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Yukon's acting chief boiler inspector doesn't have the first "essential" qualification on his job description: possession of a first-class steam-engineering certificate and several years of experience.

Yukon’s acting chief boiler inspector doesn’t have the first “essential” qualification on his job description: possession of a first-class steam-engineering certificate and several years of experience.

The chief’s subordinate, who does the actual inspections, doesn’t have a boiler certificate either, although that’s required for such jobs in British Columbia.

Both men are responsible for regulating the use of big boilers that help heat Yukon College, Whitehorse General Hospital, Yukon’s schools and the massive, room-size units found in mines.

Doug Badry is the chief. He’s an electrician by trade.

Robert McNeill is the boiler inspector. He’s a retired plumber.

The NDP’s Steve Cardiff, who is himself a veteran tradesman, compares their current roles to “asking a dentist to do open-heart surgery.”

He doesn’t mean to slight either man. “They’re good tradespeople,” said Cardiff. “I’ve worked side-by-side with them over the past 35 years. And it’s not their fault that they’re in this situation. It’s because of lack of leadership in upper management and politically.”

Both Badry and McNeill are temporarily filling vacancies. The chief inspector retired late last year. The inspector left his job in January.

Cardiff has two big fears about this arrangement. One is that public safety is being compromised.

The other is that the credentials of the Yukon’s power engineers, who operate big, pressurized heaters, will be thrown into question in other Canadian jurisdictions.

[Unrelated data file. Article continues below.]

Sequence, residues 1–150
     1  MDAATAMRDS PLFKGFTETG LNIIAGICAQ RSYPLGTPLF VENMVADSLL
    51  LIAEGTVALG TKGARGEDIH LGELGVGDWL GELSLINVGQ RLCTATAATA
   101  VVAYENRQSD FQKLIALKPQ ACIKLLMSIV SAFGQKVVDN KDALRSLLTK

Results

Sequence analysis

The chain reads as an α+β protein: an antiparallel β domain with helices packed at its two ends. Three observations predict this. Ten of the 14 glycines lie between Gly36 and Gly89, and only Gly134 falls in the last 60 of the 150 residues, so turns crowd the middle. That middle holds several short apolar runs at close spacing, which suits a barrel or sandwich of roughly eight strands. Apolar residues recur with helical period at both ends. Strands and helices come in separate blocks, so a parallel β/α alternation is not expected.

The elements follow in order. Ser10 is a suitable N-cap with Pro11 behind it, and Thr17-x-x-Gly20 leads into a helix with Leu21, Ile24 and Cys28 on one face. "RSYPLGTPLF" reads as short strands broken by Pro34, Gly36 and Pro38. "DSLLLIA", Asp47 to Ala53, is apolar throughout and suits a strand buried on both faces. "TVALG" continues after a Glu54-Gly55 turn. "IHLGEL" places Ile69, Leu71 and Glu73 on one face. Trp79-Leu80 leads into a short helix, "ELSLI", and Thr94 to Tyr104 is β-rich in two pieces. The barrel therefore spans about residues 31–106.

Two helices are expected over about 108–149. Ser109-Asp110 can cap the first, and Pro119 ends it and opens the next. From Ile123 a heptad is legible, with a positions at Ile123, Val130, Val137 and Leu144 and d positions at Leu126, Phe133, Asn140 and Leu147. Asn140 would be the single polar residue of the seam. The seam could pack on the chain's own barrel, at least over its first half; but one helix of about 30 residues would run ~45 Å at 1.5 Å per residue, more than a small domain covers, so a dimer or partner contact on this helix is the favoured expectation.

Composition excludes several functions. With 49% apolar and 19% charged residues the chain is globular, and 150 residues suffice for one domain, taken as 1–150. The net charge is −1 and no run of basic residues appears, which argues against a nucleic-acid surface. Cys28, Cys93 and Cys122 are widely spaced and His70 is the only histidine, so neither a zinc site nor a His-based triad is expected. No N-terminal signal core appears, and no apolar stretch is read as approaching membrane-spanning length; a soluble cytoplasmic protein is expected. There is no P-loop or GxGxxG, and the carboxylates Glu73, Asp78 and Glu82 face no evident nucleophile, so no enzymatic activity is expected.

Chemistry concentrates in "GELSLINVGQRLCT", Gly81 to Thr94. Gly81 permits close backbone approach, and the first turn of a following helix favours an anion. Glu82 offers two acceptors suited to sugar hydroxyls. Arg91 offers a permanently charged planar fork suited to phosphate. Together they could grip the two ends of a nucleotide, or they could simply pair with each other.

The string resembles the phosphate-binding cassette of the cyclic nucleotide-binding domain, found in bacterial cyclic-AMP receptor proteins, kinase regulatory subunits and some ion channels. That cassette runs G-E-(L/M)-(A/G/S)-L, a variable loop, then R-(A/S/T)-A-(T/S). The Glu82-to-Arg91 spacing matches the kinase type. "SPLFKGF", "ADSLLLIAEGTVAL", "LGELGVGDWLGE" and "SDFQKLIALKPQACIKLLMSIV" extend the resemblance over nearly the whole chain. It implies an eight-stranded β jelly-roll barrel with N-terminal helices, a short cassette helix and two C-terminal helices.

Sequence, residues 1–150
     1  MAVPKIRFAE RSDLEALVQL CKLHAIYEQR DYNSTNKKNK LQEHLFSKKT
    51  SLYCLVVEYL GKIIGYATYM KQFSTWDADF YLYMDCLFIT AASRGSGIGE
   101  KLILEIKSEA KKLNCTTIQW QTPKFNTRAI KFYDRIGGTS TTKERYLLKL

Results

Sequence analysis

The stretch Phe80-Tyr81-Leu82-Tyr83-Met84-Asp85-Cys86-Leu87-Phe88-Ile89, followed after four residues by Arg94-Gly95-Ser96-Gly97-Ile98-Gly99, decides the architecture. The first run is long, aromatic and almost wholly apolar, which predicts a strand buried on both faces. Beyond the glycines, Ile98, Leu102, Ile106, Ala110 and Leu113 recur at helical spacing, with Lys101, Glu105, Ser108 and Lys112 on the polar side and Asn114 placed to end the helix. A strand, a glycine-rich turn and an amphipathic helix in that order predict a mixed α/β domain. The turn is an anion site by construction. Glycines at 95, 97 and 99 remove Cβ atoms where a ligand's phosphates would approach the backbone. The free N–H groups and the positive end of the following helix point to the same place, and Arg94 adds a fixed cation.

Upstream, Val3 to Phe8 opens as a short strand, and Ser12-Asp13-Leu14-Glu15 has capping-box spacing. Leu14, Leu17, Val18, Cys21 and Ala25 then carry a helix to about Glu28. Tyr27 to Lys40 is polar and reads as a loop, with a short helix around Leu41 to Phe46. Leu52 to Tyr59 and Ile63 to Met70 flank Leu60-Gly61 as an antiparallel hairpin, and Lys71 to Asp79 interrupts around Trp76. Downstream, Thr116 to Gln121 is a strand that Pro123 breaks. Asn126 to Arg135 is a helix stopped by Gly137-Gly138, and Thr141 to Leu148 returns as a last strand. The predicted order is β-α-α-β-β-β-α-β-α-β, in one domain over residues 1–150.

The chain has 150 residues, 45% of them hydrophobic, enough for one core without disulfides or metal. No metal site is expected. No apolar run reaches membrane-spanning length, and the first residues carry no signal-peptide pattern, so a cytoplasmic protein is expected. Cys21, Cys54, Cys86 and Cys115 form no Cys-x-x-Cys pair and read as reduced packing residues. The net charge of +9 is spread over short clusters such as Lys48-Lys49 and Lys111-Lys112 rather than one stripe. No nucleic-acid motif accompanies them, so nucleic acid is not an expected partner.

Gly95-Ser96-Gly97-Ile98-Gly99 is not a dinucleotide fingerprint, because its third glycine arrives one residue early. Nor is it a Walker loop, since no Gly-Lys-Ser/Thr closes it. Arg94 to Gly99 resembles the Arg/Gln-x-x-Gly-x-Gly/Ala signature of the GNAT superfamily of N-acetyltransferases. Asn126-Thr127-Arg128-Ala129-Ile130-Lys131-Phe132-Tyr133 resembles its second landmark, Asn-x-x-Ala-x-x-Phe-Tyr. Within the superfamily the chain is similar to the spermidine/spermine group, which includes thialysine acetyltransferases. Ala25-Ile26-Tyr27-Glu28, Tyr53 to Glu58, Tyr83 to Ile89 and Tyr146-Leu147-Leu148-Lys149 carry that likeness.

Power engineers need to have their operating certificates regularly renewed. That’s done by the chief – who himself is not certified.

Cardiff found little comfort in the assurance offered to him by Community Services Minister Archie Lang in the legislature on March 22.

Cardiff asked for “absolute assurance that the government can provide the required services.” Lang responded that “Yes, we can supply that service.”

Badry offered similar assurances to the News in an interview. “We employ qualified staff, or a private contractor when we need them.”

He conceded that neither he nor McNeill were certified. But he vouched for McNeill’s work experience. “He’s a retired plumber, gas-fitter, boiler installer. He’s worked in the mechanical field for 40 years. He’s very well respected in the community.”

McNeill’s installed plenty of consumer-size boilers during his career, said Badry.

There’s nothing wrong with the current staffing arrangements, according to the Yukon’s Boiler and Pressure Vessels Act, said Badry. And they continue to uphold the national building code.

“We’re committed to the safety of all Yukoners. And we’re providing the highest standard of inspection possible.”

If that’s so, Cardiff wonders why the job posting for the chief position requires applicants to possess a first-class steam-engineering certificate.

“There’s a reason trucks have to meet a certain standard to drive on highways. And why highways are built to a certain standard,” he said. “It’s about public safety.”

Contact John Thompson at

johnt@yukon-news.com.

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